A Soapbox


I have another infinitely more brilliant and fascinating, lifechanging and worldview expanding post in “draft” right now, but this is really bugging me, and that’s going to take more time, so I’m opting for swatting at bugs instead.

 

The setting:

The only person in our family who isn’t sick with some kind of virus, pneumonia, migraine (I’m actually wearing sunglasses now – on a snowy day – and almost started crying when I couldn’t find them this morning. I. Do. Not. Cry.), etc right now is my daughter. Plus, I’m PMSing, so my tolerance for life’s glorious absurdity is reduced at the moment. Clear enough? Okay, let’s move on. I think I’ll describe the event first, and then go into the myriad of things that are oh so very wrong with it.

 

I get this random pounding on my door this morning. It’s about 10 am or so.

 

No one I know pounds. Especially not at 10am. They know we have insomnia issues here, and they respectfully wait until times after 2 or 3 in the afternoon. This immediately makes me suspicious.

 

I went to the door – because they wouldn’t STOP pounding, so apparently the “ignore it and it will go away” tactic will fail here. I looked out the window, and I see an old stern-faced, frankly mean-looking (to the point that I wanted to call the cops) man escorting a young boy of about 10 years of age. (Cops!!!)

 

The boy is the one who is doing the pounding, and when I open the door about 14 inches and ask, “Can I help you?” He looks nervously at the old man, who nods once and quickly, and the boy opens up a kind of cartoon Bible with all the important points for my salvation. He stutters, but goes through his practiced sales pitch and looks at the man again.

 

The man nods, once, quickly, sternly.

 

I looked at the man, willing him to look me in the eye, and, um, glared at him. I then turned to the boy and smiled (because it was so obvious that he wanted to be anywhere but there) and informed him that we already have many books on theology, philosophy, and numberous Bibles, in our home and didn’t need what he was offering, but thank you very much.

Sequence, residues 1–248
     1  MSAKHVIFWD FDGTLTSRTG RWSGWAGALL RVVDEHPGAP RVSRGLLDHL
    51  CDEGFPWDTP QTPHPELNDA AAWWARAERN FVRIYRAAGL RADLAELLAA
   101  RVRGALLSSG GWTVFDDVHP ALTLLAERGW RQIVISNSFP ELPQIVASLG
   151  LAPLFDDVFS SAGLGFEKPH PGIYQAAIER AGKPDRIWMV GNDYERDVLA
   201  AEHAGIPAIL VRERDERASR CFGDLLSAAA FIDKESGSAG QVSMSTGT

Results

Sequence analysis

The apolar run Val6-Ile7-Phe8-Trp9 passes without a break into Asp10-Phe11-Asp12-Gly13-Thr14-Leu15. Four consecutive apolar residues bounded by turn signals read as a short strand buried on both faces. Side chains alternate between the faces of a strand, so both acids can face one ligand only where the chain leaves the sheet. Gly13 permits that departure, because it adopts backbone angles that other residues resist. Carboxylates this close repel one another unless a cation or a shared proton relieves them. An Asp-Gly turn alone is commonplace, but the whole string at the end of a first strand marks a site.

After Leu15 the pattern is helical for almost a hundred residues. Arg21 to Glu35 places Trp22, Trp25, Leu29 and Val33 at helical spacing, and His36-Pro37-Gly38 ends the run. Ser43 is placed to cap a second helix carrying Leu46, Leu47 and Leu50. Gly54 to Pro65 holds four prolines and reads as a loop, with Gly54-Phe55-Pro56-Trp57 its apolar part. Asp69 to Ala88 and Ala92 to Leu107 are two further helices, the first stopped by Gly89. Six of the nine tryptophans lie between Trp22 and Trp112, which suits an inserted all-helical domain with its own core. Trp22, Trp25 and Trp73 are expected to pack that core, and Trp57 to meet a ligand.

The boy looked back up at the man, who nodded once, sternly, quickly, and said, “Okay, um, thank you.”

 

I smiled at the boy, and, again willing the old man to look at me, caught the old man’s eyes and glared again.

 

I’m sure they think I’m a lost soul going to Hell.

I’m not. I’m an Episcopalian who can already tell that what they are handing out is a perversion of what the Bible says and who is highly offended at someone presuming to come to my home, assume I’m hell-bound and that they can save me, and keep me from my coffee. I’m also fairly confident that I know more about Christ’s teachings – His real teachings, the ones actually in the Bible – than they do.

 

First evidence of such knowledge? The fact that I know they should not have shown up at all.

 

You can’t SELL faith. Whatever your faith may be. Each of us finds our beliefs as we go along and we find our faith that way. There is no other way to find faith. It cannot be sold, borrowed, shoved down someone’s throat or otherwise put upon someone. In fact, that approach will only drive people away – even if you’re Gandhi. And, you must respect each person’s right to his or her faith —- even if you disagree with it.

 

How DARE you assume that I have no faith? How dare you assume that you are right and I am wrong?

 

How dare you force yourself onto my property with a misguided sales pitch before I’ve had any coffee?

 

AND HOW DARE YOU USE CHILDREN TO DO THIS???????

EXACTLY WHO THE HELL DO YOU THINK YOU ARE????

 

I still haven’t finished my coffee; I’m still wearing my sunglasses; and now I’m starving.

I’m going to go watch absurd Japanese kids’ anime with my daughter.

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About Shannon Blue Christensen

Storyteller. Author. Editor. Literary Critic. Director. Teacher. Knitter. nascent Musician. Student. Operations and Quality. Marketing. Historian. Lear's Fool. View all posts by Shannon Blue Christensen

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